UK holds its own against mad Yanks
There's nothing Guru likes better than having a go at the Yanks – and we're not even talking about his clandestine trips to Florida over the Spring Break period either.
The other week (Personnel Today, 28 March), these hallowed pages reported a series of odd interview tales from personnel executives in the Colonies. Not to be outdone, Guru put out the call to arms to his disciples to share their yarns of interview hell.
With a swell of national pride, Guru can offer the UK's responses to those shockers from across the pond:
Dear Guru, The company I worked for was interviewing for an archaeology project manager - pre-requisites being a degree-level educated individual with commitment, focus, drive and reliability. "Can you give me three words to describe yourself?" I asked an applicant. "Scorpio, dog lover (I'm aware this is two words but she obviously wasn't) and fairy," she replied. While trying to choke back the laughter that was threatening to explode, I asked: "What transferable skill can you bring with you to the company?" I was hoping for something more in tune with work-related things. "I bake a mean sponge cake," she replied. End of interview.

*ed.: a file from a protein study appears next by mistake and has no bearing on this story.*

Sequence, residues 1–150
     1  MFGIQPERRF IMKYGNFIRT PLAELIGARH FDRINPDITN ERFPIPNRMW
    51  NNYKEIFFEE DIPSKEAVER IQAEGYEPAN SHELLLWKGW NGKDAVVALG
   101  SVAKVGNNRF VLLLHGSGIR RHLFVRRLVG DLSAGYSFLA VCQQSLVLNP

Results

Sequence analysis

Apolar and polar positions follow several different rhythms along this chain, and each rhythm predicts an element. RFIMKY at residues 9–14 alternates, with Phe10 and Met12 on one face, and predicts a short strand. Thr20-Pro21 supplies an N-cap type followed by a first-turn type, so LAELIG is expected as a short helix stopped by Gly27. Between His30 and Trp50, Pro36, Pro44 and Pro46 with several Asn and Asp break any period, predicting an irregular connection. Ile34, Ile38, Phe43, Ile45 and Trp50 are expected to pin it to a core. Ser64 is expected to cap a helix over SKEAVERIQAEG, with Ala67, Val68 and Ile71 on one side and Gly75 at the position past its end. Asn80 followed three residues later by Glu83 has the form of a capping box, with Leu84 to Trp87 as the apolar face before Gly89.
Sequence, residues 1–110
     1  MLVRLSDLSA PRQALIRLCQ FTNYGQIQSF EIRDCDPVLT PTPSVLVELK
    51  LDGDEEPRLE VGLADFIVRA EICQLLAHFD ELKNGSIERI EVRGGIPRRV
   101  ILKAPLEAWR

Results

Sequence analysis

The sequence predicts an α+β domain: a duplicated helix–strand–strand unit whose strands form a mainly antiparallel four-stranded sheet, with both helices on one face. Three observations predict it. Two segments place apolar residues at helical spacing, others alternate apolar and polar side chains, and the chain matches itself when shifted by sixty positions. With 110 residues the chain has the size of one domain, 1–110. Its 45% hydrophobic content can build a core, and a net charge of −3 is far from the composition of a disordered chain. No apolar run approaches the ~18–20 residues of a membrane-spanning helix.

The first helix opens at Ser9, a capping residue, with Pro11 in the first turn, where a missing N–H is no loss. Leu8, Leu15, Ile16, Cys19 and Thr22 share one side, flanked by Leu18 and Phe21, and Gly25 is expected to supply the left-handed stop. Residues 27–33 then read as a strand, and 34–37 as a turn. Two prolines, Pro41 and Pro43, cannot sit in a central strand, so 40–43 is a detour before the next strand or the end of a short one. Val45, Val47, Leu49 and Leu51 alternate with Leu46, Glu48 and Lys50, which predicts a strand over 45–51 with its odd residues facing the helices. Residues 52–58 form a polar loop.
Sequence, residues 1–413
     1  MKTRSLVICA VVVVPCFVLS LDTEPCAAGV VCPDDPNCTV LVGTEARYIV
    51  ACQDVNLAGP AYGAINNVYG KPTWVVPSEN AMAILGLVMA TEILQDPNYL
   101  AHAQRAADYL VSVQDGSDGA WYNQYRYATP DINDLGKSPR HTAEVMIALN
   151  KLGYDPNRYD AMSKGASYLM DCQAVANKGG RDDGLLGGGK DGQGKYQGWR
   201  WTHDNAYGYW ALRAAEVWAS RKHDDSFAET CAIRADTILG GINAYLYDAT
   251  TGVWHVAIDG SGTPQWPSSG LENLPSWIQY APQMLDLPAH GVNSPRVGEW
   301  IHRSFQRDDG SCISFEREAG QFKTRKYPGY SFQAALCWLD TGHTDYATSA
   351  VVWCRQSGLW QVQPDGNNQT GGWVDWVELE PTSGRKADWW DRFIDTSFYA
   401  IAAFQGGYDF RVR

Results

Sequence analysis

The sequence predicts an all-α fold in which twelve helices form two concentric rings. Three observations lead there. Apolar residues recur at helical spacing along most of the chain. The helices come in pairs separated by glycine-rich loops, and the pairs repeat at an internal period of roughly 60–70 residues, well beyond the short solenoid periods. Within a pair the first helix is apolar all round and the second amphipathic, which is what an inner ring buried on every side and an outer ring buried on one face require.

Disciple Jean Pattison
Dear Guru, When I attended my first work interview for a pharmaceutical company in the mid 1960s, the section boss talked about cricket for the whole interview. I obviously knew enough about the subject as he told me there and then I had got the job. When discussing wages, he asked me if I smoked and what brand. When I told him, he reduced my intended wage accordingly because that was the brand he smoked and I should not smoke the same or a better brand than the boss.
Disciple Doug Proctor
Dear Guru, Having read your excellent article on interview stories, colleagues recall:
- The candidate who brought his dog to an interview.
- The candidate who 20 minutes into an interview realised that he was in the wrong building, the wrong interview, and not the person whom the interviewer had named at the beginning.
- The candidate applying for a job as a 'fabricator' in a plastics factory was questioned about the blatant lies on his application form. He responded that he thought making things up would help him get the job.